Covering Selections from The Unfollowed: An Event at the Harry Smith Print Shop
The spoons have clattered
The slugs should rattle. We need 88 e’s: Planning for poem 41 in the composing stick. Van Dijck has good feet and the right amount of e’s.
Aren’t children little pears and observant birds
My line to set. The 98.6-degree heat of me warms the cold metal composing stick in my left hand. Let gravity keep the type from tipping into metal confetti. Tilt the plane, but no tailspins. Opposable thumbs are important here. In the California Job Case, b’s and d’s and p’s masquerade as one another. We have kept a dirty case. Aren’t [words] little pears and observant birds. Upside down, but left-to-right, I forget the apostrophe and shimmy it into the line-up, late.
I note that the green blanket is askew again briefly
In her essay, “The Rejection of Closure,” Hejinian writes that “even words in storage, in the dictionary, seem frenetic with activity, as each individual entry attracts to itself other words as definition, example, and amplification.” This feels true of the individual sorts, or letters, in the typecases. The sorts’ faces like little atoms: symbols pulling toward communication. Seeing the scattered sorts unhinges a normative perception of language as locked units.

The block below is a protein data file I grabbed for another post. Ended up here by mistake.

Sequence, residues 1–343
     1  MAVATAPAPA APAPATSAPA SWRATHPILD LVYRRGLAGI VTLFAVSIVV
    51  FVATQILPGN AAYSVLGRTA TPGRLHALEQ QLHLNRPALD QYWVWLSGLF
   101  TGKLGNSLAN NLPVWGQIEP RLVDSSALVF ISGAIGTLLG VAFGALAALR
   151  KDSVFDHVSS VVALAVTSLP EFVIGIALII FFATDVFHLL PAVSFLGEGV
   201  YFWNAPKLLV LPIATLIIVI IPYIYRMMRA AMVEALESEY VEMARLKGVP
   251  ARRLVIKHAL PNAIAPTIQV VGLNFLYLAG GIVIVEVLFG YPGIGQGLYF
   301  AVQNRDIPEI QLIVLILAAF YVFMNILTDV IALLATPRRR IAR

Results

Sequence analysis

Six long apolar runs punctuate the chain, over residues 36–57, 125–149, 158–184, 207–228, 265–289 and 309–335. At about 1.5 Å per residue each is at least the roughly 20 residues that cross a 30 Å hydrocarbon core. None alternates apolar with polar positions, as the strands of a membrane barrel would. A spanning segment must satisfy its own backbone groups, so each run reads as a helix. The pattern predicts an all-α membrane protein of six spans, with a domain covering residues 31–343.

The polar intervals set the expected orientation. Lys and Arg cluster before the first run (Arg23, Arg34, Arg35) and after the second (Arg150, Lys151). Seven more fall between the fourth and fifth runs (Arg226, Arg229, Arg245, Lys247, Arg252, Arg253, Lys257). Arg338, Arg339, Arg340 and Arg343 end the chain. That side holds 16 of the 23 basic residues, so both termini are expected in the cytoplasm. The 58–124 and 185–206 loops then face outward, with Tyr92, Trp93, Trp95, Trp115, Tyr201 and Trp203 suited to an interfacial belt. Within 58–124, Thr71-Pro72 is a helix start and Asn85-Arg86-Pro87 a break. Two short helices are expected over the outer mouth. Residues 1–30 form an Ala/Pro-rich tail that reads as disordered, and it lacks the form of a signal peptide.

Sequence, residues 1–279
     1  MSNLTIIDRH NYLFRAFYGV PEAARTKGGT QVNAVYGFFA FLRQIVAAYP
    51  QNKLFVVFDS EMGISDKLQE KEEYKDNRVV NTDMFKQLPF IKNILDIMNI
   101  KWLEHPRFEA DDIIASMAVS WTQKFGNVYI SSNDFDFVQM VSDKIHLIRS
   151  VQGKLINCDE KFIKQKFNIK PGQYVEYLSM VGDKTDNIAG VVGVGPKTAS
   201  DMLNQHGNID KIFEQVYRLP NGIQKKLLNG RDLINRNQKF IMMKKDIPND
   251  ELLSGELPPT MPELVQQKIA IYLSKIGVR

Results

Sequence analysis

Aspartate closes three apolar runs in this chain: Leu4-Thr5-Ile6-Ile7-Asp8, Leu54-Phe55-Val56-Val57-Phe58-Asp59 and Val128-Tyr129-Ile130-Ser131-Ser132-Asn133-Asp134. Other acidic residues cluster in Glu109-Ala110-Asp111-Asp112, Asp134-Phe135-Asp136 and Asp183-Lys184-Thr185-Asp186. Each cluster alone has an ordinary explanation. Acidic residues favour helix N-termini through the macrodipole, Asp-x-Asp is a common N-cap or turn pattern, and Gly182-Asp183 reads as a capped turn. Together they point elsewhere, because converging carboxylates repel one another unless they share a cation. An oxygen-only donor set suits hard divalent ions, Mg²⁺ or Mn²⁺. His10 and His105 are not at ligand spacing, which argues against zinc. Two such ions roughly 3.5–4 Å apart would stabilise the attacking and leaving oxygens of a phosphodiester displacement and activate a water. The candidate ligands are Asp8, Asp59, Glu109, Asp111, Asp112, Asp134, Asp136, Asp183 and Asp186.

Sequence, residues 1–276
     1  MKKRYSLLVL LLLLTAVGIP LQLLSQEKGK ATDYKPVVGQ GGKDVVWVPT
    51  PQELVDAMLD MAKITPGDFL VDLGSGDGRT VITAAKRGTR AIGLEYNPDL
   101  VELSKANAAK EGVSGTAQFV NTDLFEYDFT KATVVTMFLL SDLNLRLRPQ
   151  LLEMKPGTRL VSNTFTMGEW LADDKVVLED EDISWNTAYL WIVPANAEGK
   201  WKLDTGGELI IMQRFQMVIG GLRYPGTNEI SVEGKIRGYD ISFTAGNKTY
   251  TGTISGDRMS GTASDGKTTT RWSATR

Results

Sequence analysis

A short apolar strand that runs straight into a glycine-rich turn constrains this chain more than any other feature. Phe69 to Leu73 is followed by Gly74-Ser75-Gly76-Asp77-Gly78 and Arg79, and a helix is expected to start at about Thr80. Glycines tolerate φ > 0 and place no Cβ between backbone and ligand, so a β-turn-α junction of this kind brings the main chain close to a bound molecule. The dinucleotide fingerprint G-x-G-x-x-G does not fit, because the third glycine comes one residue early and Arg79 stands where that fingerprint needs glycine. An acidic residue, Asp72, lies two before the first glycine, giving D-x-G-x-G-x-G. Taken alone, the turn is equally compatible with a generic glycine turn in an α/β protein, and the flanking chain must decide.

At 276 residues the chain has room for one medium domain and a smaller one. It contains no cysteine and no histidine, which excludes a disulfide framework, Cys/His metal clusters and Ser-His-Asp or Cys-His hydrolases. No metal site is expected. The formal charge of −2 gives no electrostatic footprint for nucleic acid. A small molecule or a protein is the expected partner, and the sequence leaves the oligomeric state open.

I have flung my sweater over the banister again
Welcome to the Harry Smith Print Shop. See ghosts of the 2010 fall letterpress class, and their instructor, Julia Seko, move about the Adman cabinets, the typecases, the presses, the dust. Outside, a masked creature smartly positions itself between the compost bins and the printshop’s window. This creature has thumbs, although they are not considered opposable. Looking through the window, the creature observes the animals moving inside the sheltered space. For ease of address, the animals inside the space caption the observer, “Rocky the Raccoon.”
The corn cockle is buoyant
[context not yet found/projected]
There was of course the matter of the curious descent into a mine and the terrible